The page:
I. When people are slaves, they do what they’re told. Doing more than what you’re told to do may result in punishment; doing less that what you’re told will certainly result in punishment. Compare and contrast that behavior to the behaviors free people exhibit.
II. When you find yourself in a new situation (for example, in a new class or on a new team)
- do you find yourself worried about what the teacher or the coach expects of you?
- How do you figure out what those expectations are?
- If the limits seem too narrowly drawn, how do you respond?
- If the limits are very broad, how do you respond?
- Are you more comfortable when you know EXACTLY what the teacher wants; or do you prefer more flexibility the work you are able to do?
What insights do these questions provide for you in recognizing the challenges the Israelites faced in becoming “free” thinkers and do-ers?
III. Looking back over some experiences you’ve had, do you value more the things that you learned to do that came easily to you, or the things that you had to work at? What if all your experiences came so easily that you didn’t have to exert any effort at all? What if all of them seemed so difficult as to be insurmountable?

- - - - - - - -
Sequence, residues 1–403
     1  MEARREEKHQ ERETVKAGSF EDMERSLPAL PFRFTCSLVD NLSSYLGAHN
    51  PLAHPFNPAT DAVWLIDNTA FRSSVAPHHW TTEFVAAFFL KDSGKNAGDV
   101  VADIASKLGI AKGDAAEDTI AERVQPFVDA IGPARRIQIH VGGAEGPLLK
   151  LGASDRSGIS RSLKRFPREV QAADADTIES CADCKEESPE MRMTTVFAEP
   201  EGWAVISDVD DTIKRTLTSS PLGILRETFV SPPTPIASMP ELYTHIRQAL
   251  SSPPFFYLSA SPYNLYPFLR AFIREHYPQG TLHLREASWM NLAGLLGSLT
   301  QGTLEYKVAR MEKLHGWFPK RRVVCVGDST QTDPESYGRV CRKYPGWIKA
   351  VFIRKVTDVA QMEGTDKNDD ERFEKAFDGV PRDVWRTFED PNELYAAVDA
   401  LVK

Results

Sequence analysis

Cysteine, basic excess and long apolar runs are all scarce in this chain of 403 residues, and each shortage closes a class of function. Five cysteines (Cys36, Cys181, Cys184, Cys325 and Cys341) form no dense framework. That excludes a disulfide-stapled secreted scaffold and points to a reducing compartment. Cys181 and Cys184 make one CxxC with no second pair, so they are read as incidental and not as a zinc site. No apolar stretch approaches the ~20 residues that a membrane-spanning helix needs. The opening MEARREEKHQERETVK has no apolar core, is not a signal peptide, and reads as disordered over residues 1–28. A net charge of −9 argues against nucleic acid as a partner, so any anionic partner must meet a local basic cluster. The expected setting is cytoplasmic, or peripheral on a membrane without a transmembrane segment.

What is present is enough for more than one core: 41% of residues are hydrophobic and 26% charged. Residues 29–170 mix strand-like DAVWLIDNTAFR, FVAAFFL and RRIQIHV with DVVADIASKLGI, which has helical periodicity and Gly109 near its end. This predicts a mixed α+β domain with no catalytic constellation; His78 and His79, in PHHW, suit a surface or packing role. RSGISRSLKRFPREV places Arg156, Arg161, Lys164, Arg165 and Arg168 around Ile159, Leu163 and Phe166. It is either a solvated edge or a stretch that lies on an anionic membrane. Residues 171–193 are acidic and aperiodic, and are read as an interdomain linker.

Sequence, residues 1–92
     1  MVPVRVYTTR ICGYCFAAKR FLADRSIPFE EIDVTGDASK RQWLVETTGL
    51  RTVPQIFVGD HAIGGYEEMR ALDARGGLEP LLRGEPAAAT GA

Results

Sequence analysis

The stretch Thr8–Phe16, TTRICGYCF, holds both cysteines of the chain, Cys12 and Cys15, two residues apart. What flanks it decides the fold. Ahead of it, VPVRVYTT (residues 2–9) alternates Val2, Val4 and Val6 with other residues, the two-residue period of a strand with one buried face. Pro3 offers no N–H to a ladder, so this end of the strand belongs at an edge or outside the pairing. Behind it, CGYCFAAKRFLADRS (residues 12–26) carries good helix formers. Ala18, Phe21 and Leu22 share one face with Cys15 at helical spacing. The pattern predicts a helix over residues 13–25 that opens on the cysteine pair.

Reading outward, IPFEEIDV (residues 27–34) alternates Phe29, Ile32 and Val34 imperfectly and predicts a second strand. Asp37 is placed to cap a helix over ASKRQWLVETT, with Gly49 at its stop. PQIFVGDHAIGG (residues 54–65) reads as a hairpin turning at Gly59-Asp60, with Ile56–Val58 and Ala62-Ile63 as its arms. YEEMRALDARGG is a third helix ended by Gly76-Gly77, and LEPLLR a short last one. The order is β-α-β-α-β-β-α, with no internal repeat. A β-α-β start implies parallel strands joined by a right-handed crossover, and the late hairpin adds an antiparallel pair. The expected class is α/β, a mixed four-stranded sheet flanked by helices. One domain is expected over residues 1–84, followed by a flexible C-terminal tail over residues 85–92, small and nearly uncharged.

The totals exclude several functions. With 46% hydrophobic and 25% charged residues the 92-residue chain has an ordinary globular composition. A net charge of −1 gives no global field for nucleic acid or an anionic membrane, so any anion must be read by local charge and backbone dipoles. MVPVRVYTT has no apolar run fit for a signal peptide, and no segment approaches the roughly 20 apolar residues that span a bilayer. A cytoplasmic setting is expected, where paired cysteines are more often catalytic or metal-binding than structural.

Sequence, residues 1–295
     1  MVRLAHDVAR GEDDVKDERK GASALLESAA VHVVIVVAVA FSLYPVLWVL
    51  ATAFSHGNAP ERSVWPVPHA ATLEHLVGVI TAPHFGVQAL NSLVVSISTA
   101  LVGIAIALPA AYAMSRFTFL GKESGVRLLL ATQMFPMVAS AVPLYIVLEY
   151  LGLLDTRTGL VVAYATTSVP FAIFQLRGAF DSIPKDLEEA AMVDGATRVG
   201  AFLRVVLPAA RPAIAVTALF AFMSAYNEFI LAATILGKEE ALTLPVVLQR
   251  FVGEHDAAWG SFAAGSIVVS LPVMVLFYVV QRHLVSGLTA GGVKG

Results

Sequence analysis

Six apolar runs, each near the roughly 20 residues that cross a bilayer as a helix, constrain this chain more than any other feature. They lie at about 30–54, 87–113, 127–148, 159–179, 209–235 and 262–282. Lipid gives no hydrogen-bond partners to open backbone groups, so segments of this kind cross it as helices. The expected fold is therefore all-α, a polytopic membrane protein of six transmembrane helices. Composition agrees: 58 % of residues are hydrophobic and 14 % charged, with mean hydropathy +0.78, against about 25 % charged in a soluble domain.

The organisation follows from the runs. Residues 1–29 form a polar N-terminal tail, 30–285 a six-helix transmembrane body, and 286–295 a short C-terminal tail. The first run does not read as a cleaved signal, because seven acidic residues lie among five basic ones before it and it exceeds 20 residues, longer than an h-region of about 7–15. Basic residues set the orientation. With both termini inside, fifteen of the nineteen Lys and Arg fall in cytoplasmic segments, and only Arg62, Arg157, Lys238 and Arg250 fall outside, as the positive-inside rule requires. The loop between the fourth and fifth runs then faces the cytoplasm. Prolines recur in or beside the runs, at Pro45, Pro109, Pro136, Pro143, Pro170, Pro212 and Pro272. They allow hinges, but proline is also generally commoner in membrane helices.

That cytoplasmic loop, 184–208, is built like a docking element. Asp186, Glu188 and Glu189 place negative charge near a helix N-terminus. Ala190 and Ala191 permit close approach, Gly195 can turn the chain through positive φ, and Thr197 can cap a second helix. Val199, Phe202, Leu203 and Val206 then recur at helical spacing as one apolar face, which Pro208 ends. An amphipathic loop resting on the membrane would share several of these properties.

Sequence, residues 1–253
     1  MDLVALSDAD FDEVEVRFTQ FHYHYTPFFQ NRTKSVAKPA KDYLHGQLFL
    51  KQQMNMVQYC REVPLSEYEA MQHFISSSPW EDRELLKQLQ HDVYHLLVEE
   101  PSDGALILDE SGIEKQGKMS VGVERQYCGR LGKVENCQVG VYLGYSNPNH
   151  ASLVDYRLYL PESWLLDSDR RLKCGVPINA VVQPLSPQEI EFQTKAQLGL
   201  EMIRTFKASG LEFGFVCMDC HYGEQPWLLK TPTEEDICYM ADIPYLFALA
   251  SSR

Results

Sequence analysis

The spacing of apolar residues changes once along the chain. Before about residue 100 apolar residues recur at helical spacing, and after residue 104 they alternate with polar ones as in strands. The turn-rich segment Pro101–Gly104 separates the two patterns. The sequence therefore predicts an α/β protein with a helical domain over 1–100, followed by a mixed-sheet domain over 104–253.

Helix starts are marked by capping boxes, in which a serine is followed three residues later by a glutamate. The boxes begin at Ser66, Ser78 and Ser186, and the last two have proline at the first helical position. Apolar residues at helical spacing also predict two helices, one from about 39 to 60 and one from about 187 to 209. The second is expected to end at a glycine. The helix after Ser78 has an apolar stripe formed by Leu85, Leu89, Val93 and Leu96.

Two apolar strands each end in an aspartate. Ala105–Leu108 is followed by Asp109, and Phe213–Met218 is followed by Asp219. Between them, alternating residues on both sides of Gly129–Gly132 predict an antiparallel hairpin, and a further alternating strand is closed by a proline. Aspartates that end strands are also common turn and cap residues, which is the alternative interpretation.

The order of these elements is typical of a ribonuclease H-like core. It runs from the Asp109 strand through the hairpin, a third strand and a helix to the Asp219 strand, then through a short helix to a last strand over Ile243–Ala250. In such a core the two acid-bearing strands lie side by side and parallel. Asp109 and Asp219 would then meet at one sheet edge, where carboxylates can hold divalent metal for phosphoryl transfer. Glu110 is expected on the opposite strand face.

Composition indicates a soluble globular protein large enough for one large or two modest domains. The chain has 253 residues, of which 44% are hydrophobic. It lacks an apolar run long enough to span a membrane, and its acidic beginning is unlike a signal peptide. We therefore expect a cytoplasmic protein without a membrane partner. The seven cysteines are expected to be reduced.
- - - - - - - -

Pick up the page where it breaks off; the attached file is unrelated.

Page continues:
IV. Do you have a vision of the type of Jewish adult you'd like to become?
- What values will you adopt as core values -- those that will guide your decision-making?
- In order to reach that definition of self, what shackles will you need to liberate yourself from or what barriers will you need to overcome?
- How will you know when you're on your way towards becoming the person you want to be?
- What milestones along the way might you acknowledge or celebrate?
In the Haggadah, we read "B'chol dor vador chayav adam lirot et atzmo k'ilu yatza mi'Mitzrayim / In each generation, everyone must think of himself or herself as having personally left Egypt."
Many time, I believe that the questions we push ourselves to ask are more important than the answers we reach.
Chag Sameach. Happy Holiday.